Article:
Republic of Congo pays the price for its default

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Fitch Ratings has affirmed the Republic of Congo’s Default Ratings (IDRs) at ‘CCC’ but downgraded the country ceiling to ‘B+’ from ‘BBB-‘. Fitch noted major weaknesses in governance, public finances and in financing the deficit. More specifically, Congo’s temporary failure to pay interest and principal of USD17m (0.2% of GDP) on a Eurobond mid-2016 is indicative of fragile public debt management. Fitch’s assessment of the country’s financial profile was not flattering: “…low non-oil revenues, poor data quality and transparency, and a poor track record of debt repayment…”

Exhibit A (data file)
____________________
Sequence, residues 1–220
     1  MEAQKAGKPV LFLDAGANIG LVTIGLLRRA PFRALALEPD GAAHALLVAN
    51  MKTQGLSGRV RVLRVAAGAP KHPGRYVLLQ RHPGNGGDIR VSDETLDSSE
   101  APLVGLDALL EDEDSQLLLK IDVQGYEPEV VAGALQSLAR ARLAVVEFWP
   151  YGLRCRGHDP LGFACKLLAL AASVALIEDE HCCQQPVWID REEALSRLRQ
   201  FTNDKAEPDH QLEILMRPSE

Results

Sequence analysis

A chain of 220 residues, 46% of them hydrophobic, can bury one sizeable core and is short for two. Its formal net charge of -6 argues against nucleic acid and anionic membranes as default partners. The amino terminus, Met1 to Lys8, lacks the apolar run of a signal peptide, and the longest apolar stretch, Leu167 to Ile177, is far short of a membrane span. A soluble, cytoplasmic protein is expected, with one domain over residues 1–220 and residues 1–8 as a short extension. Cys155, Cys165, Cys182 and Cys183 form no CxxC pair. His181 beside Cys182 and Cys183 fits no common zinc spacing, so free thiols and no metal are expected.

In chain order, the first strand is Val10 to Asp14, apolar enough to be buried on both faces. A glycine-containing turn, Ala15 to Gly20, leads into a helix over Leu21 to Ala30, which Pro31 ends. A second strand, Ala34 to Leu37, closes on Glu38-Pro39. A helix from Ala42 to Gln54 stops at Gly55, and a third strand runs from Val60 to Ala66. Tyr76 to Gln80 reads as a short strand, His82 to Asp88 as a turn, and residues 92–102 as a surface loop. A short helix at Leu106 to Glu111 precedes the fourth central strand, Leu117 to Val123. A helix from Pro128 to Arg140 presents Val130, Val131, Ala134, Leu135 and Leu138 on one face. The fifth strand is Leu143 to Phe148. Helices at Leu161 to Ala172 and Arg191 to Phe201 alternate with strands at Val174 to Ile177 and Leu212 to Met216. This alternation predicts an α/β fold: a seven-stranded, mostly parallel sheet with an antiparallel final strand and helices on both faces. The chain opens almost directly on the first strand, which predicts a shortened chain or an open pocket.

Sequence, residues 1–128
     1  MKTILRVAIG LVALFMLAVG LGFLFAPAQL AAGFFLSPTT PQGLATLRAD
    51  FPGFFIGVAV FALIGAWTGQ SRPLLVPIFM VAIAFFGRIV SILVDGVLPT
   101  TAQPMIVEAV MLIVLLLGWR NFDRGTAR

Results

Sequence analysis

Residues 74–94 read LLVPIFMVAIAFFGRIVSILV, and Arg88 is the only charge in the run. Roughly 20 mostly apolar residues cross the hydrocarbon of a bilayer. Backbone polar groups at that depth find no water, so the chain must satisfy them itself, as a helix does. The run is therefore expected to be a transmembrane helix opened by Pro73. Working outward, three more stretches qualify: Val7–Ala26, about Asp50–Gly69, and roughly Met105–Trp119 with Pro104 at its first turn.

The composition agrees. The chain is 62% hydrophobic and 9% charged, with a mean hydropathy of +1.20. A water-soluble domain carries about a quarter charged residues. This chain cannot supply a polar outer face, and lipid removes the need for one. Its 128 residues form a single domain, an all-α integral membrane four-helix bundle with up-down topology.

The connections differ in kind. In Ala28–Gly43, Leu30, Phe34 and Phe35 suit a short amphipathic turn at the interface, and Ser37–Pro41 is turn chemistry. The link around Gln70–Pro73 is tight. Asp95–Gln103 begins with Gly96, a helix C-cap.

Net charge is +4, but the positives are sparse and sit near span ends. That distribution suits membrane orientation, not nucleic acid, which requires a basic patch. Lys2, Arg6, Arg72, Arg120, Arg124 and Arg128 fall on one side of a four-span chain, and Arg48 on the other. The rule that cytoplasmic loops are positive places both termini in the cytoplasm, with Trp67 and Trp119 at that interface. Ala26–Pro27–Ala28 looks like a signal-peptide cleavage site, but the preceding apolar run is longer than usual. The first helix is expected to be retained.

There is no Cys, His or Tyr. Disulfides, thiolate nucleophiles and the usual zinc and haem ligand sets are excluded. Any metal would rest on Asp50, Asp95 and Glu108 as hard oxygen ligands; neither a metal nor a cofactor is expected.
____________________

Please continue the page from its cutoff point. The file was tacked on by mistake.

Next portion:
That said, Fitch acknowledges the Congolese economy should recover in 2017 on account of a large new oil field which comes on stream. Expectations for higher oil prices will also positively impact Congo’s credit metrics next year. Diversification of the economy away from oil (which accounted for more than 50% of GDP in 2014) remains a long-term prospect, despite heavy investment in infrastructure and potential in agriculture and mining.


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